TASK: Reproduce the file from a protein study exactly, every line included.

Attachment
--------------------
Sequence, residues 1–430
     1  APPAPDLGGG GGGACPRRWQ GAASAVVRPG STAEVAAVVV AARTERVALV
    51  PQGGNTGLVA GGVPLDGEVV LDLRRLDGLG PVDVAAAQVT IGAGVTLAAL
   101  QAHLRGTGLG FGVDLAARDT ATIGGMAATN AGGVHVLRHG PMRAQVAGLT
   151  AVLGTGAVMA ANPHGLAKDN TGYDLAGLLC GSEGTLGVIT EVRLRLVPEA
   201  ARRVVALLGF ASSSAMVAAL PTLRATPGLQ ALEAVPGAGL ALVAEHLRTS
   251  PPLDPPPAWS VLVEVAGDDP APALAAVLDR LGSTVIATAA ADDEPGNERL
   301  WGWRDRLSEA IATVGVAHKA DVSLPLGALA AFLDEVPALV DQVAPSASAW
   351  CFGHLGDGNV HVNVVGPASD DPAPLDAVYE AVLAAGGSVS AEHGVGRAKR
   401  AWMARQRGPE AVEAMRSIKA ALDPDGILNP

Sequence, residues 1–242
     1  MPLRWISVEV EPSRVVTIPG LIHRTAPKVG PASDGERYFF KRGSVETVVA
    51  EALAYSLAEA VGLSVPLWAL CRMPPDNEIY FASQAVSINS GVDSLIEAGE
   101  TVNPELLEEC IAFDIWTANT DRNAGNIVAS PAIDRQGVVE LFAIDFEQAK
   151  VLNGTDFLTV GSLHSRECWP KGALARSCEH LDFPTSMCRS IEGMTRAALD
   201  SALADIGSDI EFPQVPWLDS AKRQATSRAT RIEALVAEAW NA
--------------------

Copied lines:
Sequence, residues 1–430
     1  APPAPDLGGG GGGACPRRWQ GAASAVVRPG STAEVAAVVV AARTERVALV
    51  PQGGNTGLVA GGVPLDGEVV LDLRRLDGLG PVDVAAAQVT IGAGVTLAAL
   101  QAHLRGTGLG FGVDLAARDT ATIGGMAATN AGGVHVLRHG PMRAQVAGLT
   151  AVLGTGAVMA ANPHGLAKDN TGYDLAGLLC GSEGTLGVIT EVRLRLVPEA
   201  ARRVVALLGF ASSSAMVAAL PTLRATPGLQ ALEAVPGAGL ALVAEHLRTS
   251  PPLDPPPAWS VLVEVAGDDP APALAAVLDR LGSTVIATAA ADDEPGNERL
   301  WGWRDRLSEA IATVGVAHKA DVSLPLGALA AFLDEVPALV DQVAPSASAW
   351  CFGHLGDGNV HVNVVGPASD DPAPLDAVYE AVLAAGGSVS AEHGVGRAKR
   401  AWMARQRGPE AVEAMRSIKA ALDPDGILNP

Sequence, residues 1–242
     1  MPLRWISVEV EPSRVVTIPG LIHRTAPKVG PASDGERYFF KRGSVETVVA
    51  EALAYSLAEA VGLSVPLWAL CRMPPDNEIY FASQAVSINS GVDSLIEAGE
   101  TVNPELLEEC IAFDIWTANT DRNAGNIVAS PAIDRQGVVE LFAIDFEQAK
   151  VLNGTDFLTV GSLHSRECWP KGALARSCEH LDFPTSMCRS IEGMTRAALD
   201  SALADIGSDI EFPQVPWLDS AKRQATSRAT RIEALVAEAW NA